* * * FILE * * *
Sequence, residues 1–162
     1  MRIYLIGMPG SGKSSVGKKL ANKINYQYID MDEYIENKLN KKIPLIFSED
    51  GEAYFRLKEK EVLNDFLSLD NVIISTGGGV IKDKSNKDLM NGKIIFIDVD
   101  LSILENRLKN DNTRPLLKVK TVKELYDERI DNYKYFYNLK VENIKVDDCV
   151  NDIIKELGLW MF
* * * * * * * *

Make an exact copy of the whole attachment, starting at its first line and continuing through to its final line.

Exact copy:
Sequence, residues 1–162
     1  MRIYLIGMPG SGKSSVGKKL ANKINYQYID MDEYIENKLN KKIPLIFSED
    51  GEAYFRLKEK EVLNDFLSLD NVIISTGGGV IKDKSNKDLM NGKIIFIDVD
   101  LSILENRLKN DNTRPLLKVK TVKELYDERI DNYKYFYNLK VENIKVDDCV
   151  NDIIKELGLW MF